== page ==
I’ve blogged before about the long wait for my grandparent’s US citizenship records that I requested last May and I finally received my grandfather’s on Monday. The best part was the Declaration of Intention which provided a picture of him at age 48. I have his engagement photo from 1916 and his marriage photo from 1917, a few in the 1920’s but none from about 1930 through 1950 so this was a real treat! He’s in a suit and tie looking quite dapper.
The biggest surprise was to see his signature. This is the only time I have ever seen his handwriting. By the time of my birth, my grandfather was legally blind so he never wrote anything.
There were a few errors in the document. The first was the spelling of my mom’s name. Instead of Dorothy she is recorded as Dorty. I laughed at that! My grandfather spoke perfect English but he had trouble with the th blend and pronounced it as tu. Reading my mom’s name reminded me that he used to call her Doro and if he had to say her real name, it did sound like Dorty. Her name was spelled correctly on the Petition for Naturalization.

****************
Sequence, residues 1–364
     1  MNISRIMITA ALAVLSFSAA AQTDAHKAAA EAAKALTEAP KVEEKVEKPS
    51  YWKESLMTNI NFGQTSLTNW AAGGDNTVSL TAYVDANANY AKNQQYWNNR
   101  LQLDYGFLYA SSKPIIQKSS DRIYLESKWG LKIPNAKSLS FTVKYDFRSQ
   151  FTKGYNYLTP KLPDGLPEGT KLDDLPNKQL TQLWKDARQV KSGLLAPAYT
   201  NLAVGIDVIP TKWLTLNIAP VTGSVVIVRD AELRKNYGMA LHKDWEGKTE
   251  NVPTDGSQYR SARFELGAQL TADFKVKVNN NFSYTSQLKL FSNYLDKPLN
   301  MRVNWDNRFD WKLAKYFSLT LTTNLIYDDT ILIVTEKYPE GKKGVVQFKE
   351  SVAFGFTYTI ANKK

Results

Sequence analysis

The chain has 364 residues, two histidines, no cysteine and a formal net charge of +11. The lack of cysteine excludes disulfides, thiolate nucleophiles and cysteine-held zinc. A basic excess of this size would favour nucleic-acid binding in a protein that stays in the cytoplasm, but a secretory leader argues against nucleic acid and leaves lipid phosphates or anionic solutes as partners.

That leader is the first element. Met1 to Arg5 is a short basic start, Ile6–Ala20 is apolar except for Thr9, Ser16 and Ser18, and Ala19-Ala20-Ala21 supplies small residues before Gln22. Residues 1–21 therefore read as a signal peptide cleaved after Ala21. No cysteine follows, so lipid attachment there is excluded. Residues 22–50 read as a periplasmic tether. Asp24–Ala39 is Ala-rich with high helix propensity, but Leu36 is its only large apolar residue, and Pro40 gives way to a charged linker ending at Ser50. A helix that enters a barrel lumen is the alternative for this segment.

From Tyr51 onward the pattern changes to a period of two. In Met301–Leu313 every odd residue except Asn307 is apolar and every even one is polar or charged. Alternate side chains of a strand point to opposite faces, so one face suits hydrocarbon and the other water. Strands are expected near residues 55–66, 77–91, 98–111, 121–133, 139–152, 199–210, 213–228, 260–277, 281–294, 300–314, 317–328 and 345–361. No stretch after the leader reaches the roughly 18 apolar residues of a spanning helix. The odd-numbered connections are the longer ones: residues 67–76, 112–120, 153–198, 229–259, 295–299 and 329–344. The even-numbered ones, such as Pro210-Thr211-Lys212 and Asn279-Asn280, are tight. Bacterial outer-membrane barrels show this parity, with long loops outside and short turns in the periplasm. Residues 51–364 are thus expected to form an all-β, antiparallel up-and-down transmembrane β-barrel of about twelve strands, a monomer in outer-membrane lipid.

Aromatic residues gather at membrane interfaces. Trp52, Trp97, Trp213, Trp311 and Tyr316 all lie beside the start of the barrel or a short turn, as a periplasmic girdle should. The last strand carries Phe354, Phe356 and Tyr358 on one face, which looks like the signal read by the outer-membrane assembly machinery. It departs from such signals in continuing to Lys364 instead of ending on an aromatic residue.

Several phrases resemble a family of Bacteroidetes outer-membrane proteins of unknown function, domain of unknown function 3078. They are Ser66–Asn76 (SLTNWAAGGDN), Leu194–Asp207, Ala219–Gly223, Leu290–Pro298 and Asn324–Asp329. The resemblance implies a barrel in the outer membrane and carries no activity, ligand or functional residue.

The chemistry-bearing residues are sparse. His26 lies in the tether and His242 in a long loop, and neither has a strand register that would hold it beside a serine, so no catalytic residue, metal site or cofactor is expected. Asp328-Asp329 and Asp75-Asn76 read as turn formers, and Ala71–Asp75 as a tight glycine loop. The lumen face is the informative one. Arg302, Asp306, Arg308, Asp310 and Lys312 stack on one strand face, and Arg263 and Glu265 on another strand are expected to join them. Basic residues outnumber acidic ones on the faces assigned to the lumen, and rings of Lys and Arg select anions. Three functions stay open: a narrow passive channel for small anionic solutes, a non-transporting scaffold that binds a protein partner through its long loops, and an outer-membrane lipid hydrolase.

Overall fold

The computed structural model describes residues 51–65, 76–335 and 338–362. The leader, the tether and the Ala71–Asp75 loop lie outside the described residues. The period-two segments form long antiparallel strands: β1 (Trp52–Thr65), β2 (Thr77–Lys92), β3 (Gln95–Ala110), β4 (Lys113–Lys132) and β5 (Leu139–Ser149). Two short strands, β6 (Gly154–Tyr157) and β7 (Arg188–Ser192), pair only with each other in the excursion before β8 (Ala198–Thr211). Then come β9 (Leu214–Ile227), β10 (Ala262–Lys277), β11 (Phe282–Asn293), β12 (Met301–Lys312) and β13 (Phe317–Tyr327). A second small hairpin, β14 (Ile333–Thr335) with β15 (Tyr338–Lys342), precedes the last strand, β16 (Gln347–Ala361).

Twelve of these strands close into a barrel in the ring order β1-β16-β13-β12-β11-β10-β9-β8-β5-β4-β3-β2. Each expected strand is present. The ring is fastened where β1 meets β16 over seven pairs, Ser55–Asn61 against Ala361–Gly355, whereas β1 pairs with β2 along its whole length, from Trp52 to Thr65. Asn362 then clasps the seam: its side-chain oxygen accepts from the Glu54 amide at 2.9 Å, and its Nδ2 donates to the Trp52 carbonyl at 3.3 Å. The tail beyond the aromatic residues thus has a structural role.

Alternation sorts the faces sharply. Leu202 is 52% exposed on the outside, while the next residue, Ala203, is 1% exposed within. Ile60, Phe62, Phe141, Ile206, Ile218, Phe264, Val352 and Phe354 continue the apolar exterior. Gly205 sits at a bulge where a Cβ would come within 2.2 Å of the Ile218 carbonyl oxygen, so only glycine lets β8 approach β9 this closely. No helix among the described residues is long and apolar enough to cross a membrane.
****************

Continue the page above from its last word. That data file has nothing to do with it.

My grandmother’s birth date was recorded as August 4th, 1901 and should have been July 18, 1900. I have no idea how the month, day and year were wrong on the Declaration of Intention. The month and day were right on the Petition but her birth year was 1903.
My grandparents were from the same village in Austria-Hungary and I never thought about how they knew each other from childhood. Being 8 years older, he had always known my grandmother and that was something I had to wrap my head around.
The document stated he was 5 foot 7 inches and that surprised me. In my head, he’s tall and I would have guessed 6 foot. Of course, I was small so that could explain a lot. My grandmother was barely 5 foot so he did seem to tower over her.
I never knew that my next door neighbor, Charles Bauer, was one of the witnesses. I loved Mr. Bauer – he always gave me money on Halloween, let me play with his dog and often inquired about how school was going. He swore he knew my grandfather since January 1, 1929. The other witness I had heard about but never knew, Rudolf Silich. The Silich’s had children that were the same age as my grandparent’s kids and lived across the alley from the family. They moved about the time of my birth and never returned to visit.
Still waiting for my grandmother’s information!